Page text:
I’ve seen a few tweets about something called World Creativity and Innovation Week. I’m too busy to look up what that is because I’m exploring how it can help me. A friend tweeted this:

Creativity Tweet

Curious exploration

Being a curious person I clicked the link and then clicked the second story in the list which took me to a post by Mike Brown. In his post Mr. Brown told a story about seeing a poster called Peter’s Laws which he modified and turned into questions to spark creativity.Peter's Laws

Again being curious I wondered what the origin of Peter’s Laws was. A Google search later I had my answer with this webpage. Peter Diamandis is the founder and chairman of the X PRIZE Foundation which is most famous for their $10,000,000 Ansari X PRIZE for private space flight which Burt Rutan won.

Back to Peter’s Laws

A couple of the laws caught my eye because they fit so nicely with the concepts in What Next.

One law reads “When given a choice…take both!!” and that is an essential part of asking What Wext. You can walk multiple paths in life – we all do it as spouses, parents, employees, business people, and friends. What successful people do is excel on multiple paths and that takes dedication and work. If you aren’t dedicated and/or aren’t willing to work, then you won’t succeed.

The Peter’s Law that immediately follows the one above is “Multiple projects lead to multiple successes” and again we have the key point of What Next. The do one thing well concept is just as wrong as the jack of all trades master of none concept. Who says you can’t do lots of things really well or at least hire people who can?

Back to Creativity

I wasn’t sure what I was going to write my next blog post about but reading Mike Brown’s post and being curious enough to do a little research sparked my creativity and led me to write this, proving that creativity begets creativity. The same can be said about the other traits of What Next: curiosity begets curiosity, adventure begets adventure, action begets action, and success begets success. If you want any of those things then get to know people who exhibit those traits and start spending time with them.

As another of Peter’s Laws states “When faced without a challenge, make one” this is your challenge, to succeed, so what are you going to do about it?

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Whatever Happens

Preparation isn’t just about a goal, isn’t a task that is only completed when you have something planned. Preparation is about weathering a storm and expecting the unexpected.

Be Prepared For AnythingIn What Next I write that “it’s not the plan for the expected outcome that saves you, it’s the plan for the unexpected outcome that does.” This is what preparation is all about and why I often have a plan B, C, D, E, and F.

I haven’t written many blog posts in a while because I’ve been busy working on my latest What Next venture, my current priority.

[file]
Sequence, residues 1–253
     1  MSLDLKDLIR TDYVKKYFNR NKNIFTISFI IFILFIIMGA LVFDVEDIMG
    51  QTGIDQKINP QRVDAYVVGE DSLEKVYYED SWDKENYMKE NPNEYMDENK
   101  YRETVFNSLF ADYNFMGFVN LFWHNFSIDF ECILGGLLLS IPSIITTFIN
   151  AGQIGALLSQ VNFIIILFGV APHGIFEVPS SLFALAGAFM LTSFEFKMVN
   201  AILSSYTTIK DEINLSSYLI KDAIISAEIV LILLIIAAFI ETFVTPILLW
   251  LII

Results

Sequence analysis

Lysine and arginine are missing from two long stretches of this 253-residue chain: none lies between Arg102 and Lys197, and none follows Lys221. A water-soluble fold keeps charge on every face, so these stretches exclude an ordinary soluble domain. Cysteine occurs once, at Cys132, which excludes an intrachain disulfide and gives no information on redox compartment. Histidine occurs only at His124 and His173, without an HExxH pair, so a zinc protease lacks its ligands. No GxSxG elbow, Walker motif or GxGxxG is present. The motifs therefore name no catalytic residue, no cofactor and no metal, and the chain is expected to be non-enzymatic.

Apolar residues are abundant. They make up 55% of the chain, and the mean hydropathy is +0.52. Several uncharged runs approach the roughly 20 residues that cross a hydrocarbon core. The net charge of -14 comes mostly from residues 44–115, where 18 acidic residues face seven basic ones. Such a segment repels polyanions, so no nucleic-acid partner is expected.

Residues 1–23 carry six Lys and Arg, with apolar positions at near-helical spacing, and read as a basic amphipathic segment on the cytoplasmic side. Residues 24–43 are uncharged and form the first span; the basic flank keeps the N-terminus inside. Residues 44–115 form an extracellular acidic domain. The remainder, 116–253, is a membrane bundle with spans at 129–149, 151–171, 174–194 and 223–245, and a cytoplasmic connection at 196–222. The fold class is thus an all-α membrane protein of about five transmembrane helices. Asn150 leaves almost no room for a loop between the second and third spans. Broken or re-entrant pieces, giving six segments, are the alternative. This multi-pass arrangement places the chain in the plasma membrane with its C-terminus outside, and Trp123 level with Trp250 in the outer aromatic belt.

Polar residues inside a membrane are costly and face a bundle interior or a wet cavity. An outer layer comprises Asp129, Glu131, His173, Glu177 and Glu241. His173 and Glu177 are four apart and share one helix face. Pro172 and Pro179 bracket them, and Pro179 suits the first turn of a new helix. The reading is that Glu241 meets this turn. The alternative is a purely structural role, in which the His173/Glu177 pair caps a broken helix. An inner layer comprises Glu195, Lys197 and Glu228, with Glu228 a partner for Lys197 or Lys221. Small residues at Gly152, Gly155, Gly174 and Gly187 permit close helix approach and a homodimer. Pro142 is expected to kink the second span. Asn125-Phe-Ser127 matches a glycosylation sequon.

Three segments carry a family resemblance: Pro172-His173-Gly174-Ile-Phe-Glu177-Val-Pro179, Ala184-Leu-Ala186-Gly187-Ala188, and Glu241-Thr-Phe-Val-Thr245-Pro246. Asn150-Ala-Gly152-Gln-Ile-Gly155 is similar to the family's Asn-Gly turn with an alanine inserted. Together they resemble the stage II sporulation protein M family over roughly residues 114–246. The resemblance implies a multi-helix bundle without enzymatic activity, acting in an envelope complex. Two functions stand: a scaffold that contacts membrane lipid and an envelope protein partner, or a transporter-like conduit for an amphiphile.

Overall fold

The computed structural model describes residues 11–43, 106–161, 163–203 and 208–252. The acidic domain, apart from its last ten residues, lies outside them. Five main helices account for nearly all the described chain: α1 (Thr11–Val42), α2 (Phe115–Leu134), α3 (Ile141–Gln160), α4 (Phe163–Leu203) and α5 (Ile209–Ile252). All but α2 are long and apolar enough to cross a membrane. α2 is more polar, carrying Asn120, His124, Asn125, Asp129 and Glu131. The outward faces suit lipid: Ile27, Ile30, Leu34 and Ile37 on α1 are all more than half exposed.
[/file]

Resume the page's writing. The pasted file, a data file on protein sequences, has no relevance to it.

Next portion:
The reason I’m writing this is that two months of planning, two months of high expectations, may end badly. I will be sad, upset, worried, and yes even angry, if this falls through, but one thing I won’t be is beaten. I won’t be much worse off even if it goes terribly wrong because of the preparation I’ve done, not just for this one thing but throughout my life.

As you live your life, are the things you’re doing now putting you in a stronger position later? It’s worth asking so you’ll be able to succeed no matter what happens.

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Is Your Ego Really That Big?

I saw this quote in a tweet last night: “Teamwork is the fuel that allows common people to produce uncommon results. -Unknown”Teamwork quote I believe that two heads are better than one. An idea that sounds good is rarely ever thought of, fine tuned, and brought to market by only one person. Any successful person or business has been successful because of the team that has been put together.

As skillful as an entrepreneur is at coming up with new ideas, they are equally skillful at choosing the right people to execute those ideas. Richard BransonRichard Branson decided to start an airline but he isn’t the CEO and COO and advertising company and pilot and flight attendant and sales agent, and he wasn’t personally responsible for hiring each of them either. You get the idea, it takes more than one person to create success.

Mark Zuckerberg is a billionaire because of his entrepreneurial ideas and he put together quite a good team to execute those ideas. Without the internet, without someone else’s idea first, Facebook would not be successful, it wouldn’t even make sense. Imagine Facebook without the internet! Take it a step farther and without the government, specifically the Defense Advanced Research Projects Agency (DARPA), there would be no internet.

I’m working on a business that has requirements, laws on the state level that regulate my business (more clues about my latest What Next). Those laws level the playing field and insure scrupulous behavior, insure that while I do the right thing, so do my competitors. Those regulations are important for my success even though they are also annoying and create red tape.

There are some among us who believe they got where they are all on their own. My question for them is, is your ego really that big? Didn’t you have an education, teachers from kindergarten through college who helped shape who you are today? If you went to public schools then it was government money that made that possible. Didn’t you have a mentor or someone you look up to whose ideas and thoughts inspired you? Maybe you knew them personally or just read about them but someone influenced you. Have you ever sought out anyone’s advice or used ideas and concepts that came before?